Today marks the start of Sunshine Week, the annual exercise in chasing away the shadows of government secrecy. It’s observed by citizens examining public records, showing up at public meetings and calling out bureaucrats who thwart the public’s right to know what they’re up to.

This column often features examples of the latter. Yet it’s also important to recognize those in government who take the initiative to open their data to the public, knowing that we the people can actually help them do their jobs better.

Last year, commissioners in six metro counties did something remarkable. They made their land records free and available online, after years of selling that data.

After the twin votes of Hennepin and Ramsey commissioners in February 2014, Geoffrey Maas, the Metro GIS coordinator for the Metropolitan Council, popped the cork on a bottle of champagne. Maas had worked for months to persuade metro counties to share their data for the benefit of his own agency, as well as everybody else.

“Free and open data enables creative thinking, innovative thinking,” Maas said. “GIS [geographic information systems] is no longer a priesthood of technologists. … It really facilitates transparency in government, and it’s an engine of entrepreneurship.”

Indeed, the data enables “hackathons” such as the Hennepin County GeoCode event last month, which produced all kinds of nifty ideas: Figuring out which vacant lots would serve best for urban farming and examining property values over time were just two of them.

Trained as an urban planner, Maas spent five years at the Minnesota Center for Environmental Advocacy before arriving at the Met Council three years ago. To do regional planning, the Met Council obtains property data from each of the seven metro counties.

Maas realized that the practice of charging fees for the data, implemented two decades ago to recover the cost of GIS systems, was actually hampering good government. It was becoming a money-loser for counties, which had to provide tech and sales support. More significantly, the strict control of the data made it off-limits to the growing force of volunteer app developers.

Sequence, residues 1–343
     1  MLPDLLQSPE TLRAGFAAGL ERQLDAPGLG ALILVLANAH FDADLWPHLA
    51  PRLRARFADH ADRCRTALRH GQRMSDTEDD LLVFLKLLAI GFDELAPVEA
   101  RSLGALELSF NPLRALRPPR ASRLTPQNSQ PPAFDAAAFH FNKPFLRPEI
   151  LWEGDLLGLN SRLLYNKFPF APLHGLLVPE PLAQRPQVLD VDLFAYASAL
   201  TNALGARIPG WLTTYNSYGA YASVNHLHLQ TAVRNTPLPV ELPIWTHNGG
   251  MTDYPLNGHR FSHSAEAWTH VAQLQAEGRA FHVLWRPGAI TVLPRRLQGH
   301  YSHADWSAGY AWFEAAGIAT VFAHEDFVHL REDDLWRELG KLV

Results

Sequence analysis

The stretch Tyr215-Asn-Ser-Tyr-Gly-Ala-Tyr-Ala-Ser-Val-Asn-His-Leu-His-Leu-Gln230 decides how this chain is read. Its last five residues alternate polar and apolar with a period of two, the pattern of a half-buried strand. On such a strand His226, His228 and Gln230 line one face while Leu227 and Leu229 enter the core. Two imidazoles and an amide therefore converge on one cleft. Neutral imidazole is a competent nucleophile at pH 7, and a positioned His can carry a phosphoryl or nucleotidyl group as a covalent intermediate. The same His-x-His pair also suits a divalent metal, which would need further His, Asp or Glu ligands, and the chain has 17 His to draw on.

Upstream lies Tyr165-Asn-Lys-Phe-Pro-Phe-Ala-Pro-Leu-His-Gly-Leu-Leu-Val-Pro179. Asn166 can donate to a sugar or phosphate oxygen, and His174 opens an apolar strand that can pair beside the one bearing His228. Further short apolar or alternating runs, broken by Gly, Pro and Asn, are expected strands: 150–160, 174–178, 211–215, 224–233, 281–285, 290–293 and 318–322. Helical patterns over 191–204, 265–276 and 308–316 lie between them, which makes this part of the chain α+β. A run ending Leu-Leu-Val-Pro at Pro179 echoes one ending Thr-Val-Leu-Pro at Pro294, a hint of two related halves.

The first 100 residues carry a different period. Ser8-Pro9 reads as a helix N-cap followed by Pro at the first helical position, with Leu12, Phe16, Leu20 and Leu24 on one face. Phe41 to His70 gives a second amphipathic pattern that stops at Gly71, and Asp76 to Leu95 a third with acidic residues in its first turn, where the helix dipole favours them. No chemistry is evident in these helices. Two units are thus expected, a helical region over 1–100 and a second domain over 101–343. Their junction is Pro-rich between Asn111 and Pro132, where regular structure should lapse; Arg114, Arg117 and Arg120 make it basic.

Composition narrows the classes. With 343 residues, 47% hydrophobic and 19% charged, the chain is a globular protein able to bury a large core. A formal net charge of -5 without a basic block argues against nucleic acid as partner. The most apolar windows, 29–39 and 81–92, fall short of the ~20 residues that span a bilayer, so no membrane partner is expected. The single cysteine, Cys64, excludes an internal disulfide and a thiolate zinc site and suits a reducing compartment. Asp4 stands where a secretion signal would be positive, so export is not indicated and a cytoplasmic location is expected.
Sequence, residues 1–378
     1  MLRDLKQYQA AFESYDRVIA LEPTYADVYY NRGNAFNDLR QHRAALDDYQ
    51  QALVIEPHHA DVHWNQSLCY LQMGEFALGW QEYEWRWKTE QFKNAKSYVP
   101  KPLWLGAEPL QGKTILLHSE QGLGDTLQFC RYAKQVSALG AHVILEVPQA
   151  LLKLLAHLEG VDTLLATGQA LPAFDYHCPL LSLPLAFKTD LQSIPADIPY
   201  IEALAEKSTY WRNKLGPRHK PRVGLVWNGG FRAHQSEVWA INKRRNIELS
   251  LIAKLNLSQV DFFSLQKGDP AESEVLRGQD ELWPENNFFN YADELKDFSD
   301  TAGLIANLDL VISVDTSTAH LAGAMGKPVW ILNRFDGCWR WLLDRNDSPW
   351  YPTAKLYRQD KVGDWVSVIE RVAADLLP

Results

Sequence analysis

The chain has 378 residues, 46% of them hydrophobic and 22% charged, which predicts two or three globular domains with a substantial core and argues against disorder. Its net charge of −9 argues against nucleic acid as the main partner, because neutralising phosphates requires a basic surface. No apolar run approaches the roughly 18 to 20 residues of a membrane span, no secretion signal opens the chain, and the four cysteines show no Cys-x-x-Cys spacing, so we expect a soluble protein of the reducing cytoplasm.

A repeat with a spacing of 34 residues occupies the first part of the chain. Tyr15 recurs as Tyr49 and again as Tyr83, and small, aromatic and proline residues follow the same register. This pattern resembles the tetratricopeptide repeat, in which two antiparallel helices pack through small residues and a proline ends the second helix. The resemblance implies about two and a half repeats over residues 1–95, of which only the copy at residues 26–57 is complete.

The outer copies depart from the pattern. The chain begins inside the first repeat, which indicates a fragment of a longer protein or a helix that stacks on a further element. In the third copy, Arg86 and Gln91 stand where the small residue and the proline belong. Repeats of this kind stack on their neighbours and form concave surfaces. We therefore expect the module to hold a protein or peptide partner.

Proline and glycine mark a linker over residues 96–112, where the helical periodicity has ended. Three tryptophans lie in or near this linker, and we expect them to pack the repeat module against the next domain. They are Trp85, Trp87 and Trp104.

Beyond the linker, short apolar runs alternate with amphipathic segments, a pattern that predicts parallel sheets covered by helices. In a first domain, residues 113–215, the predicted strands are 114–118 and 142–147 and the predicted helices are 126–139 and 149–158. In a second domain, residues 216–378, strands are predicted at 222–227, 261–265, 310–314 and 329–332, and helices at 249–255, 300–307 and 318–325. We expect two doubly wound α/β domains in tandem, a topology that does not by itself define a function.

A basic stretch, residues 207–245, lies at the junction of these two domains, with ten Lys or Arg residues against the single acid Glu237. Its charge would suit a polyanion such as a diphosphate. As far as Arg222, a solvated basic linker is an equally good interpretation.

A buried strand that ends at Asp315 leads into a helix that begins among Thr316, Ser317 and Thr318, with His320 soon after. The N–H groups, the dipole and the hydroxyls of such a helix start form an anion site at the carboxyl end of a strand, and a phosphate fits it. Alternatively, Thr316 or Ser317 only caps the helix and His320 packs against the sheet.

In October 2013, a group led by Maas and Randy Knippel, the Dakota County GIS manager, handed over a report recommending the mass liberation of geographic data. Since then, Hennepin, Ramsey, Dakota, Carver, Anoka and Washington have done so, with Scott County “hopefully” doing so later this year, Maas said.

Knippel called it a 180-degree turn for his county, but by last year, the counties were racing to become the first havens of open data.

It helps that land records are relatively noncontroversial. People have a basic expectation that they can find out who owns property and how much it’s taxed. It goes back to at least 77 A.D., the origin of a fragmentary stone tablet called the Orange Cadaster. It shows property lines and tax valuations for a part of modern-day France that was then in the Roman Empire.

That venerable history did not prevent some county officials from trotting out the same arguments about the perils of open data: It would invade people’s privacy, threaten national security, expose them to lawsuits. Maas and his allies were able to overcome each of those objections, and add another argument that’s especially welcome these days: Open government is good government.

As a result, a growing number of Minnesota officials are enlisting the grass-roots “open data” movement, which is full of idealistic digital natives eager to make the world better with code. These are people who like to spend their weekends mapping storm drains, capturing data streams of bus arrival times or finding caretakers for local fire hydrants.

“We’re really at a point where we can put the data out there … and let people come up with their own ways of using it,” Knippel said.

These days, when requests for public records are often met with denials, delays and liberal use of Sharpie markers, that’s a shining vote of confidence in democracy.


Contact James Eli Shiffer at or 612-673-4116. Read his blog at